-Why, thank you. -You, being a New Yorker,
we’ve been very lucky to have you on the show over the
years, quite a few times. And the first year
you were on the show, your kids were 5 and 9,
so they’re teenagers. -Wow. So that was 10 years ago.
-Yeah, yeah. -Maybe I got it wrong, then.
-5 and 9. Oh, then, that can’t be.
-Yeah, yeah, yeah. -I did a math…
-Oh, good, whew. ‘Cause I was like, “I have not
been doing this show that long.” [ Laughter ] I was like, “Oh, my God! You must’ve been with
Jimmy Fallon at the time! How dare you.”
-I’m so sorry. -How are the teenagers
treating you? -You know,
exactly as they should. -Yeah.
-You know, I guess it means I did a good job,
but it’s awful. [ Laughter ]
-They’re their own people? -They’re not nice.
They’re just not nice anymore. And I have to remember,
people say, “They come back.” You know, I’m like, “At this
point, they can stay away.” [ Laughter ]
-Do you remember, like — What does the age
that they both left you? ‘Cause you have
one boy and one girl. -One boy. My boy is 15,
and he left me a year ago. -Okay. Gotcha.
-It happened at 14. -Gotcha.
-He had his huge growth spurt, and then he stopped talking.
-All right. -I don’t know how that worked.
-And then the daughter, she left even sooner then.
-She’s been in, like, pre-puberty since
around 3 years old, I guess. -Okay, gotcha.
-She’s gonna be 12 in — Gosh. Gosh Almighty, very soon.
I gotta get her a present. -Yeah.
-Yeah. -Or not,
based on her behavior. [ Laughter ]
Maybe — -No, I keep getting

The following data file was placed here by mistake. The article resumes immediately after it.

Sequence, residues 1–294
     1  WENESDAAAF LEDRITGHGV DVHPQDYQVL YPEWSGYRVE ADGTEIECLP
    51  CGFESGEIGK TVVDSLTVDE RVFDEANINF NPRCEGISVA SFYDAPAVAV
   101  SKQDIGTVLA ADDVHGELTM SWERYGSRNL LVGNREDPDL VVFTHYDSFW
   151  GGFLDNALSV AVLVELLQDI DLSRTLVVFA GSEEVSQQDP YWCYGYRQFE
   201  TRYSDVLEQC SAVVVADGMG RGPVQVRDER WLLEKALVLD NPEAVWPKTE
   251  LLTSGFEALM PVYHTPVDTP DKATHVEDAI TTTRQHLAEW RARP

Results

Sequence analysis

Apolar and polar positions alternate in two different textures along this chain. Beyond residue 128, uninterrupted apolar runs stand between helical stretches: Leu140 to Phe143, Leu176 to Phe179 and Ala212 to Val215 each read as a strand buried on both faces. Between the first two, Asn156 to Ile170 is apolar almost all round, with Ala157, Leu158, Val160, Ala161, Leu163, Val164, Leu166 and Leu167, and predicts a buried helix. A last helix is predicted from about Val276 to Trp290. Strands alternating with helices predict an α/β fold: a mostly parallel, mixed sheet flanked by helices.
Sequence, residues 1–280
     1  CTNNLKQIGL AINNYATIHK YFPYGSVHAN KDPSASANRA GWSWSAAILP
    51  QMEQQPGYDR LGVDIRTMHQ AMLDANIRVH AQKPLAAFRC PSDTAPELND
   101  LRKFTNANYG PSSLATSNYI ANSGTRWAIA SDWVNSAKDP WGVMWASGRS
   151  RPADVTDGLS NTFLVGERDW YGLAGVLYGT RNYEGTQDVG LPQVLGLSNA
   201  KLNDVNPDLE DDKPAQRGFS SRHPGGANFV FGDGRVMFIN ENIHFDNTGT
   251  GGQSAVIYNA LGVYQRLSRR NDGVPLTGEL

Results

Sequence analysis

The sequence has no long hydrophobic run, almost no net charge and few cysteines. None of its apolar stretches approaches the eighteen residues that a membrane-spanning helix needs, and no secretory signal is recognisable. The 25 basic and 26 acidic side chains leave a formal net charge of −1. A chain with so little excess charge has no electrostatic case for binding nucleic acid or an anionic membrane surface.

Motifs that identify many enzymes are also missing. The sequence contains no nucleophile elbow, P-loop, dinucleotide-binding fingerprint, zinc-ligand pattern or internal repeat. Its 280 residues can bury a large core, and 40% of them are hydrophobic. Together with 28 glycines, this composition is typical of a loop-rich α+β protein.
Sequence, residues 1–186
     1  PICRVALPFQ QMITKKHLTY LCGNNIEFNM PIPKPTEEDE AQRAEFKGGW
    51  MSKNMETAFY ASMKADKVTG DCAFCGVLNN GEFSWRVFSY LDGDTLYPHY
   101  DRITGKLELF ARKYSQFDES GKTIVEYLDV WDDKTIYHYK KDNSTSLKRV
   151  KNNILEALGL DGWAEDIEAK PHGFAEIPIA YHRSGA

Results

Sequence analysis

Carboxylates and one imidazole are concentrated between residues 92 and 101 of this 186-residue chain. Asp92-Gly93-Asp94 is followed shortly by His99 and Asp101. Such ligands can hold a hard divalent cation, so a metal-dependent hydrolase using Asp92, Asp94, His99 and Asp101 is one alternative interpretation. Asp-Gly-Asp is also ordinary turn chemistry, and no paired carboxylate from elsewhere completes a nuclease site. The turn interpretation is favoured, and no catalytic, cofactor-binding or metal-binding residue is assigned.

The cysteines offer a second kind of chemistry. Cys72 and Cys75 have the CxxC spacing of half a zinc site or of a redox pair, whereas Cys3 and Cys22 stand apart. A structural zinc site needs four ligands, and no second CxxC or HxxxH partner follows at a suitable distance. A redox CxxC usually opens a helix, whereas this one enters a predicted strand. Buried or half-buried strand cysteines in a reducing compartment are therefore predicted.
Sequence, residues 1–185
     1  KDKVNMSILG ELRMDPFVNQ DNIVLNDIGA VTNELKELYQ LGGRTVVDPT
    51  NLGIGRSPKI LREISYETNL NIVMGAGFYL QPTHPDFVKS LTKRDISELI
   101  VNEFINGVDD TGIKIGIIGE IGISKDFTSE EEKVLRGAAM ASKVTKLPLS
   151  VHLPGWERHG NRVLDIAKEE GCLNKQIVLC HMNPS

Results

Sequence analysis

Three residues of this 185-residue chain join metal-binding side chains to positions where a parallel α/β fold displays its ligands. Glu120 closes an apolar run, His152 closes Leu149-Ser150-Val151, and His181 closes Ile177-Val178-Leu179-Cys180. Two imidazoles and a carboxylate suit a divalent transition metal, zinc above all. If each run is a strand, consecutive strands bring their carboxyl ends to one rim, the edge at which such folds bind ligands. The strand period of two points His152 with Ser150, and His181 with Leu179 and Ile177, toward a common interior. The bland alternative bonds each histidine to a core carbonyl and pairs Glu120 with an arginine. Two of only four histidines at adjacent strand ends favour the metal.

the presents. That’s the problem.
-That’s the problem. Your daughter and you
watch a show together, which is very nice, a show that
I did not even know existed. -Yeah.
-Will you please explain the show I’m talking about?
-Well, the weirdest thing is, my therapist told me about it.
-Really? -Yeah, it’s called
“Dr. Pimple Popper.” Anybody? [ Cheers and applause ] It defies explanation.
There are the people who can watch it and the people
that absolutely cannot. -I barely could have it
described to me. But it is —
[ Laughter ] I mean, it is
what the title says it is. -Yeah.
There’s no subtext there. -Yeah.
-But it is a little bit like a car accident.
You really — You can’t turn away,
in some weird way. -Yeah.
You know, it’s interesting. Was there subtext
in your therapist telling you to watch it?
Like, just how cathartic it is to watch a pimple —
-I don’t know. It was like 45 minutes
of my 48-minute session that I’m owed money for,
I think. -Yeah, exactly.
-She had found it on YouTube. -Okay, gotcha.
-It wasn’t quite a show yet. And there’s something about this
woman not being horrified by these horrifying things.
-Yeah. And there you go.
And you watch it together. -And that’s a TV show.
-There you go. That’s a TV show. -Another — You know, obviously,
I’m very lucky. I get to see people
all the time, like you, that I was first introduced to
on television, and it’s very exciting,
but your — The big celebrities for you
are CNN anchors. -Yes.
-That if you saw in the street, that would make you
just drop your jaw. -It’s like — Yeah.
I don’t know what that’s about. I mean, I watch them every day.
-Yeah. -I’m aware of their clothing. Like,
“That’s a good color for her.” -Yeah.
[ Laughter ] They’re very, very, very smart.
-Yeah. -They have to know
all kinds of stuff. There’s very little
that you can catch them on. -I do enjoy — because, you
know, even when we’re working, we have it on in the background.
So, it’s — That’s how I know
an hour has passed. You know?
When a different one’s on. I’m like, “Oh, it’s 3:00.”
-Poppy Harlow’s on at 3:00. -“Oh. I’ve stayed late.”
[ Laughter ]